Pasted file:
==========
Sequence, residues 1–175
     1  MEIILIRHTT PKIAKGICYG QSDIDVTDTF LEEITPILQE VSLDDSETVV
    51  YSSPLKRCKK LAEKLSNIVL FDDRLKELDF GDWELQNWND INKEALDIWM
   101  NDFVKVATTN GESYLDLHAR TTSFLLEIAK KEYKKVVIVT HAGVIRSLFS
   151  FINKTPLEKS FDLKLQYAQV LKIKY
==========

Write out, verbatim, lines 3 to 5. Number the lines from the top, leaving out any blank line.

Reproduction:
    51  YSSPLKRCKK LAEKLSNIVL FDDRLKELDF GDWELQNWND INKEALDIWM
   101  NDFVKVATTN GESYLDLHAR TTSFLLEIAK KEYKKVVIVT HAGVIRSLFS
   151  FINKTPLEKS FDLKLQYAQV LKIKY